The word “group” refers to the manner in which felines interact with each other. In most cases, a group of cats will become referred to as a neighborhood rather than a pack. In addition to that, if you wish to refer to a group of cats, the appropriate terms are: tame, izak, mane, blood and brachy, or brachy. A male cat, whether neutered or not, is normally called a zuzu, when not, would be called an ezel. A female cat would be called a mane, or, a hypo.
The etymology of the word cat has been connected to the Oriental countries, where it originally meant silk. Thus, in China, there were silk cats. Then, according to etymology, it was brought to Europe by sailors in the Middle East. From there it reached North America, Australia and some parts of South America. Thus, it is considered as a modern word.
Today, felines do live in groups, even though it has been long forgotten. When cats live in colonies, they hunt together and find different spots to hunt at. If a male cat in a group stays behind, the rest start hunting after him. Thus, these cats become called “stray cats”. Such a cat is usually taken to an animal shelter, but sometimes it manages to return to its original home.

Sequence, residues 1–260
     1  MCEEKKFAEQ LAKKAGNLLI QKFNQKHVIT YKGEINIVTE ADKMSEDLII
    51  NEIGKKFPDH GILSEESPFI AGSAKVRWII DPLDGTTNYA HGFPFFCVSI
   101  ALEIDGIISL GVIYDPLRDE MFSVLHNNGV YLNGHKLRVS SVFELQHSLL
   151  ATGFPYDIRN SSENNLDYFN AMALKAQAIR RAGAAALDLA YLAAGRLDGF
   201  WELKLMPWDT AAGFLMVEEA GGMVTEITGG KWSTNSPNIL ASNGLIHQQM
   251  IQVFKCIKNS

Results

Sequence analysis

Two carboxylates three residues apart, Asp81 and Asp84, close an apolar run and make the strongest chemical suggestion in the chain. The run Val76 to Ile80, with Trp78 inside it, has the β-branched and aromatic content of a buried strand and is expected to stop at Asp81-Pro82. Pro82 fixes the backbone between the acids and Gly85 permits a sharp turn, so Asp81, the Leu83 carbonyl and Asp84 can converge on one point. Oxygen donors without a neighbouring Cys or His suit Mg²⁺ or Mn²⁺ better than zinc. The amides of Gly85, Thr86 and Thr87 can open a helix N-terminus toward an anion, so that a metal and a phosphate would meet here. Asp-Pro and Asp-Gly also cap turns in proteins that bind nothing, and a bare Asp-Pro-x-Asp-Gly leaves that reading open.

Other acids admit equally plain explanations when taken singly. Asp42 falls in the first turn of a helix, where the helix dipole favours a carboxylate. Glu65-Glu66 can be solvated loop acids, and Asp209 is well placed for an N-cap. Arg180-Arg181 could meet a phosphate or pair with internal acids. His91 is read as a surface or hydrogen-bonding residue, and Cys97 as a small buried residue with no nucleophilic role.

When a cat decides to return to its own home, it does so bearing the warning sounds of “eye for an eye”. That is one way of describing a cat’s instinctive behavior toward its own kind. This can also describe their willingness to attack other cats and even humans. They usually use their sharp claws when fighting with each other.
Some people say that a cat pouncing is like a bunch of kids calling one another “puke”. The kids in the group of cats may pounce on one another because they want to be first to play or because they are playful. This is known to be a common behavior among felines. A few kittens called pups also participate in the pouncing action when they see their mothers with young.
In fact, these pouncing cats are often called “clawed cats” or “pounced felines” and is not wrong in calling them by this term. So, what is the correct term, then? It is ” Collective.” Cats do pounce collectively, but they do it only when they want to. If they do not pounce, it means that they have chosen not to do so. A collective cat is one that meets its own kind, and does not try to be more “common”.
To sum it all up: The word clowder can be used to describe a group of cats, kittens included. If you use this word to describe a group of kittens, it means that these kittens were born in clumps and are members of that clump. It would be more appropriate to use the word collie. A collie is a bred cat and part of a breeding group. You cannot call these kittens “kittens” or anything else as this is not a common term in cat lover vocabulary.
When it comes to small felines, kittens in particular, it is important to consider their safety in the presence of other felines, particularly larger cats. When there are multiple kittens in a confined space, they need to be observed and not encouraged to jump on each other. Kittens who pounce should be separated from larger felines so that they can deal with the situation appropriately. It’s best if they can stay with their own kind.